The Return of Ron Paul

Ron Paul changed American politics in a way that no single individual can claim:
it was Paul, a congressman from a rural district in Texas, who put libertarianism
on the political map. It was the movement he inspired — a movement driven largely
by young people — that has challenged the War Party like no other. Not even
the antiwar movement of the 1960s has done so much to change the American consciousness
when it comes to our interventionist foreign policy — and Paul’s new book, Swords
Into Plowshares: A Life in Wartime and a Future of Peace and Prosperity
,
encapsulates the spirit of the man and the seed he has planted.

Written in the form of a memoir, Swords Into Plowshares tells the story
of how Paul’s philosophical and political development made him into one of the
foremost champions of peace in the history of this country. Born in a small
farming community in Pennsylvania, young Ron grew up during the early years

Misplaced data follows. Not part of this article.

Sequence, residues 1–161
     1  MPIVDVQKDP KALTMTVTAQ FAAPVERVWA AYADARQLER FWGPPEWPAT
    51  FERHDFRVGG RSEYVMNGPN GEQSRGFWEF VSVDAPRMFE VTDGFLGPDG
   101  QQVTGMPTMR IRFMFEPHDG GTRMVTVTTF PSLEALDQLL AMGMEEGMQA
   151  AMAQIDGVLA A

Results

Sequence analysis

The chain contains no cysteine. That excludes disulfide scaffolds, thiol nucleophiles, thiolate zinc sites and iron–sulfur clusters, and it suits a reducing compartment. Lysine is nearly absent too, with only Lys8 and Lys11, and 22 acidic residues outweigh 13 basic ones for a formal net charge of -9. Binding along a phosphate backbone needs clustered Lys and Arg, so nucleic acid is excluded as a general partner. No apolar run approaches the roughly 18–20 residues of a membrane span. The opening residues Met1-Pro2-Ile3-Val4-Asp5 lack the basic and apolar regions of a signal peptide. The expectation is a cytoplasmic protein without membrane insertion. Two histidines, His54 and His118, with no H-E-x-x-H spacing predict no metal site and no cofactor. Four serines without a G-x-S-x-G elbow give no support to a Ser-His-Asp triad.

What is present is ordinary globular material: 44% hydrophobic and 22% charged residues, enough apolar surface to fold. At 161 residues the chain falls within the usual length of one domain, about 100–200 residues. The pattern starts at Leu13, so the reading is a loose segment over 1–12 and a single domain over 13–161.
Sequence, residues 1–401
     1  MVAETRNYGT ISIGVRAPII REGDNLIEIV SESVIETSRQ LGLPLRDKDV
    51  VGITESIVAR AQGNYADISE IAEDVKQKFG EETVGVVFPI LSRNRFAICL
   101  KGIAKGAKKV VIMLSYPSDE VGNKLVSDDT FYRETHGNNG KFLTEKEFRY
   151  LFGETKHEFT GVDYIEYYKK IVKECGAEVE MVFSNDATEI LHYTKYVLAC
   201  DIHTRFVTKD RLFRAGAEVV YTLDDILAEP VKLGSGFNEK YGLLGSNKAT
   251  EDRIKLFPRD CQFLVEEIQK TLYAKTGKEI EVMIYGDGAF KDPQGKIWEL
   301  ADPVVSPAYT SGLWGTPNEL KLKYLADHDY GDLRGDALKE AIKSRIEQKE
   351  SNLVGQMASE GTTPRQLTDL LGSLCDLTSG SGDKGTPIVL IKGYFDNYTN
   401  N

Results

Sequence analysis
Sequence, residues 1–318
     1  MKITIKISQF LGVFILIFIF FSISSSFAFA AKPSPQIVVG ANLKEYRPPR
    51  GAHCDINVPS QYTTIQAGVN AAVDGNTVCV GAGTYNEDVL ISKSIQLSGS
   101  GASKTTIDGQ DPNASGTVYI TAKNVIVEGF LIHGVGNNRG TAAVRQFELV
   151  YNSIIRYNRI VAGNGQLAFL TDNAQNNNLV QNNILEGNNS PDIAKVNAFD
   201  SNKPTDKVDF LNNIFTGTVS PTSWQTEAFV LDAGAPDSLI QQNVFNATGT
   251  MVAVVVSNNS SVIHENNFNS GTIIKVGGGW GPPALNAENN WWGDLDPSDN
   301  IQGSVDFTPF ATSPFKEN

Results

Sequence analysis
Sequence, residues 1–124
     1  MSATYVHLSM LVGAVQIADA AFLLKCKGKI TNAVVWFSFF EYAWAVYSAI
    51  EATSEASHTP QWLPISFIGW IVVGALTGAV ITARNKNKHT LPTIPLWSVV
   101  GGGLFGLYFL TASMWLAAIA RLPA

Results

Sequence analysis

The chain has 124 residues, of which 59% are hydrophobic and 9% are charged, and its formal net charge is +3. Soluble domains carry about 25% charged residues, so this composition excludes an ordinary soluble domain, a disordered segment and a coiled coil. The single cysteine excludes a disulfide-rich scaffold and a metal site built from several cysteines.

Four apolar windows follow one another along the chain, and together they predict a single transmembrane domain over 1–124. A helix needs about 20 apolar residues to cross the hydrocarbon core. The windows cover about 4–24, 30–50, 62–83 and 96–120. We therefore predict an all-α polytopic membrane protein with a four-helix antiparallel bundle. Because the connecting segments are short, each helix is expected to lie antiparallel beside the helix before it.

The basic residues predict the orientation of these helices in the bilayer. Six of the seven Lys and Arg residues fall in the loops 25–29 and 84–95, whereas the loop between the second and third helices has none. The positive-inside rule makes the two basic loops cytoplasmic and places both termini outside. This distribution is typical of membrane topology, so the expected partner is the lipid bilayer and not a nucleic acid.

of World War II and he relates that experience — the rationing, the war propaganda,
the deaths that impacted his friends and family — from the perspective that
only wisdom and distance can grant. No, he wasn’t born a libertarian — that
came later — but he instinctively recoiled at the tragedy and regimentation
that wartime America engendered. Through the Korean “police action” and then
into the Vietnam era — when Paul, by then a medical doctor, served in the Air
Force — the author recalls his growing alienation from the rah-rah “patriotism”
and unthinking belligerence expected of all “good” Americans during that era.

By the time Paul was elected to Congress
as a Republican, in 1976, he had become convinced that the foreign policy of
the Founders — friendly relations with all, entangling alliances with none —
was the best prescription for peace and prosperity. Unfortunately, not many
of his colleagues agreed with him.

 

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